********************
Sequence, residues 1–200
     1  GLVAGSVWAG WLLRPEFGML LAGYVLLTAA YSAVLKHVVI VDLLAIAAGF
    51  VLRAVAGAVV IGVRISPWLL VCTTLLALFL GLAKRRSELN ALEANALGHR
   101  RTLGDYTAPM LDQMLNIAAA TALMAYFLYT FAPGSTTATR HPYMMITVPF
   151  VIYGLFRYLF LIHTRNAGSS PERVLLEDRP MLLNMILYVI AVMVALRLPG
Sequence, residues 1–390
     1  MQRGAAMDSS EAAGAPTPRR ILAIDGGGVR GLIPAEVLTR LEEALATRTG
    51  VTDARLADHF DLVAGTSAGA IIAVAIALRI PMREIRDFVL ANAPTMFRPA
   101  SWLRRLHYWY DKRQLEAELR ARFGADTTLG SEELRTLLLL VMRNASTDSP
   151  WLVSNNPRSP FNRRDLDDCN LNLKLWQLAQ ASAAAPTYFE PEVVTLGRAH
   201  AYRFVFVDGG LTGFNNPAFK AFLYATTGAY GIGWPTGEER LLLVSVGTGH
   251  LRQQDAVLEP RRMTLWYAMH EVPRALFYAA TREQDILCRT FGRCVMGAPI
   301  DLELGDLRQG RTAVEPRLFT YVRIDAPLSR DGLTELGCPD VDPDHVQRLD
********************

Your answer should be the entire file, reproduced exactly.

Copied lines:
Sequence, residues 1–200
     1  GLVAGSVWAG WLLRPEFGML LAGYVLLTAA YSAVLKHVVI VDLLAIAAGF
    51  VLRAVAGAVV IGVRISPWLL VCTTLLALFL GLAKRRSELN ALEANALGHR
   101  RTLGDYTAPM LDQMLNIAAA TALMAYFLYT FAPGSTTATR HPYMMITVPF
   151  VIYGLFRYLF LIHTRNAGSS PERVLLEDRP MLLNMILYVI AVMVALRLPG
Sequence, residues 1–390
     1  MQRGAAMDSS EAAGAPTPRR ILAIDGGGVR GLIPAEVLTR LEEALATRTG
    51  VTDARLADHF DLVAGTSAGA IIAVAIALRI PMREIRDFVL ANAPTMFRPA
   101  SWLRRLHYWY DKRQLEAELR ARFGADTTLG SEELRTLLLL VMRNASTDSP
   151  WLVSNNPRSP FNRRDLDDCN LNLKLWQLAQ ASAAAPTYFE PEVVTLGRAH
   201  AYRFVFVDGG LTGFNNPAFK AFLYATTGAY GIGWPTGEER LLLVSVGTGH
   251  LRQQDAVLEP RRMTLWYAMH EVPRALFYAA TREQDILCRT FGRCVMGAPI
   301  DLELGDLRQG RTAVEPRLFT YVRIDAPLSR DGLTELGCPD VDPDHVQRLD